The hiring process is like crossing a tunnel. At first you must select which path to take, decide to cross the available tunnel or not, and take a deep faith on seeing a bright end.
Candidates appear as promising and qualified that an untrained human resource manager cannot easily distinguish disguises. One of the solutions to unravel weaknesses is to conduct a background check. This makes crossing a tunnel a little bit more secure.
However, conducting a background check has its limitations. The law prohibits conducting searches that invades the privacy rights of a person. You cannot ask personal questions that are unrelated to the job roles that the applicant may perform. There is also a line between interview and invasion.
To help you assess how close you are to invasion of privacy rights, consider the following:
1. Be cautious of confidential questions. High school and college grades are considered confidential, so with past medical records, and financial accounts.
2. Do not ask about criminal record unless it is related to job duties such as security guard, military service, or detective.
3. Stick to questions directly related to job qualification and responsibilities.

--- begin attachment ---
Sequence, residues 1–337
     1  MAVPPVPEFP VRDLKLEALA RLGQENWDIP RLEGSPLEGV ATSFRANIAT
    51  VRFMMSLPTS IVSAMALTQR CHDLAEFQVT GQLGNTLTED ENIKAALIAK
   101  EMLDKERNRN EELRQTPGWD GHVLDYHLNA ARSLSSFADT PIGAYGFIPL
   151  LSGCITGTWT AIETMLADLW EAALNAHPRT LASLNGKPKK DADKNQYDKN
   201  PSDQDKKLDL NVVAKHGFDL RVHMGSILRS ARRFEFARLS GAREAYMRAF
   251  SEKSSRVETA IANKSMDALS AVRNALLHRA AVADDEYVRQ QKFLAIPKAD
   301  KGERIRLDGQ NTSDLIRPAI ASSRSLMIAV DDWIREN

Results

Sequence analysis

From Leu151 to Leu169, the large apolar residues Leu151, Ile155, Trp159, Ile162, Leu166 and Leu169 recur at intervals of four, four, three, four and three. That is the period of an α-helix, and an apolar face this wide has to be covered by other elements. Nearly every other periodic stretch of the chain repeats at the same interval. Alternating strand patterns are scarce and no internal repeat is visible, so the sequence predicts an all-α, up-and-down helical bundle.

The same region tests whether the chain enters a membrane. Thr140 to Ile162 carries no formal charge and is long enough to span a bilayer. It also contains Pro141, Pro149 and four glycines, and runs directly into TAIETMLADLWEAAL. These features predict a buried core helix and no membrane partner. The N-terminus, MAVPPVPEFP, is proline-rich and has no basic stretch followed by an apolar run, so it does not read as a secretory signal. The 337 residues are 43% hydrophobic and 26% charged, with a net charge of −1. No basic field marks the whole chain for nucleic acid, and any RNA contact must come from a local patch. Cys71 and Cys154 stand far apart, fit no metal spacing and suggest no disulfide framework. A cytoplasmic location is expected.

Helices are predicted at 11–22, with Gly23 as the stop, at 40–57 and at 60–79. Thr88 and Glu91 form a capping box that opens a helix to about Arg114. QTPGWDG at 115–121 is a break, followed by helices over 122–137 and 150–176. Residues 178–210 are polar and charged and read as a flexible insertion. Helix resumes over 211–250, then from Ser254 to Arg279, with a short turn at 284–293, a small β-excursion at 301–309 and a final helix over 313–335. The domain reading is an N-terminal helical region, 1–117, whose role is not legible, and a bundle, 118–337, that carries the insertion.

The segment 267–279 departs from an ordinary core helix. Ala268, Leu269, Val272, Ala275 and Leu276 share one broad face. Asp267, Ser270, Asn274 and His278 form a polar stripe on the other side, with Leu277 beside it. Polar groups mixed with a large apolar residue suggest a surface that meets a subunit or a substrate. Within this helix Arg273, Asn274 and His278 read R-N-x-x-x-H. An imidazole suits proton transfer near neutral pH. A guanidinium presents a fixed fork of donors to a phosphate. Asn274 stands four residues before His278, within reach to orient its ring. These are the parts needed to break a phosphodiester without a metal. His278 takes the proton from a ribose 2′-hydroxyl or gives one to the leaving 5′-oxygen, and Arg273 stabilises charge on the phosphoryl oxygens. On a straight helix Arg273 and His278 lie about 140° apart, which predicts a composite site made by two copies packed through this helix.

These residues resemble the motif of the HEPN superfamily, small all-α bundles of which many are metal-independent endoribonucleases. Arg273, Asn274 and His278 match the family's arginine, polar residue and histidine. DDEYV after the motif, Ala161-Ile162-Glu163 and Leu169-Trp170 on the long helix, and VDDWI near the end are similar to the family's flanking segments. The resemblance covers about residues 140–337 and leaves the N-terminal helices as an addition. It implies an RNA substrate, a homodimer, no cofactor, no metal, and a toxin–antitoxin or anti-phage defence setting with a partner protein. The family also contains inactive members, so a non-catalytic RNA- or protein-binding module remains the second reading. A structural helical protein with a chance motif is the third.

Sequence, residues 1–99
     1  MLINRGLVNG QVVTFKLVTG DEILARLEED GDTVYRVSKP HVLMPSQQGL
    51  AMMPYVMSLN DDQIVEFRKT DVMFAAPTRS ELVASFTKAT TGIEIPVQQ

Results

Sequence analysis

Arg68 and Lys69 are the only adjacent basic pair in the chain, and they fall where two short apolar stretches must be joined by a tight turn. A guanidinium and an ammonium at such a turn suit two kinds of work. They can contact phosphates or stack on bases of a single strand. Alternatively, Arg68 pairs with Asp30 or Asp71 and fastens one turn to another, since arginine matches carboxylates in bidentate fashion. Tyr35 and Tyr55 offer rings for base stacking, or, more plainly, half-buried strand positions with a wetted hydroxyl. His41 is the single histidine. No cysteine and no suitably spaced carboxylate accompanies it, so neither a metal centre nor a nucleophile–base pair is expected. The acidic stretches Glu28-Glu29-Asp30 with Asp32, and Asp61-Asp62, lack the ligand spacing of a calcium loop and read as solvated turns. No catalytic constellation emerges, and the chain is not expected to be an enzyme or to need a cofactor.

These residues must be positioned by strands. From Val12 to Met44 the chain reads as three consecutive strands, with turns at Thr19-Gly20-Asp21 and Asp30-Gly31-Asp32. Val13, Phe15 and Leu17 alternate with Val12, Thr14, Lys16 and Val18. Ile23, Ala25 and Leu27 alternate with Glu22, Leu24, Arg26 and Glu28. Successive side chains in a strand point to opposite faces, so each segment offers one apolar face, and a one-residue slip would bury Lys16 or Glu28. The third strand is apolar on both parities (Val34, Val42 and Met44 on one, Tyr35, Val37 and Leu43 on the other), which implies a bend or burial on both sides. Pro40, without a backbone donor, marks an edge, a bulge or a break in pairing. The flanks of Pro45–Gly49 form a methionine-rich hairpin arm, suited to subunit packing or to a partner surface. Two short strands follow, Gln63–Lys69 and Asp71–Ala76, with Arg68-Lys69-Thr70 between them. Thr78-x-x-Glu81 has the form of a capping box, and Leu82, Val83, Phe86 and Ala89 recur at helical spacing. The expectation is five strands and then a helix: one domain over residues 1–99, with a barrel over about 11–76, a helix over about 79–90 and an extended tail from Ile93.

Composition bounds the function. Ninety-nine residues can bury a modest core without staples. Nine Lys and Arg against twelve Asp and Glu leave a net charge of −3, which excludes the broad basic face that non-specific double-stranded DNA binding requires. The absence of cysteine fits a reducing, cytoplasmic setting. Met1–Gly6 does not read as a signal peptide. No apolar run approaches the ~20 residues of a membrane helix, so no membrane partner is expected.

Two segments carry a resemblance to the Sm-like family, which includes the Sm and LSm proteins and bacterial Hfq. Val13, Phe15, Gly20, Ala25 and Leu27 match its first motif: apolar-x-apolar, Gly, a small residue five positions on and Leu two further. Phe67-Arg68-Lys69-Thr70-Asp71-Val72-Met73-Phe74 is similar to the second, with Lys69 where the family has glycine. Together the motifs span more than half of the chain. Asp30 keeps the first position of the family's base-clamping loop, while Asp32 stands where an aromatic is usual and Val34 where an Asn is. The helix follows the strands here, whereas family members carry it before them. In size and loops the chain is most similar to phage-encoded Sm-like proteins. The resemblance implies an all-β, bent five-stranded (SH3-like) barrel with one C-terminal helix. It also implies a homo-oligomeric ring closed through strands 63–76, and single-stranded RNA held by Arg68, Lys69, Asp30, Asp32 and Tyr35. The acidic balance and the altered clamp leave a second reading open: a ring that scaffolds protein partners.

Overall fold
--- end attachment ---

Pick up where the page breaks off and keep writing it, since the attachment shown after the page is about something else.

4. Ask for permission. Initiate a written consent for you to conduct background check. Specify what information you are seeking, how you will conduct it, and the time limit. This will save you from possible complaints in the future.
It will also constraint applicants from hiding essential information. If the applicant refuses to cooperate with reasonable and justified inquiries, the human resource manager may legally refuse to give employment opportunity.
5. Avoid unnecessary details. Do not inquire on credit checks and in-depth public records when hiring a clerk.
Privacy rights rules
1. School rules- Federal and state laws prohibit the unwarranted release of transcript of records and other school files. School officials will only release information upon consent of the student. All educational data are considered confidential.
2. Credit records- The Fair Credit Reporting Act (FCRA) stipulates that employers seek written permission before searching on employee's credit files. Employer may prepare for future investigation by including in the pre-employment terms that the employer
may conduct reasonable search on relevant employment-related matters.
Should the employer decide not to promote the employee based on the credit report, he or she must be given a chance to challenge such data. States often monitor abuse on credit reports.
3. Bankruptcy - Federal law prohibits discrimination on the basis of history of bankruptcy.
Consult with an Employment Litigation attorney in Los Angeles and learn more on how to legally conduct Employment Background Checks.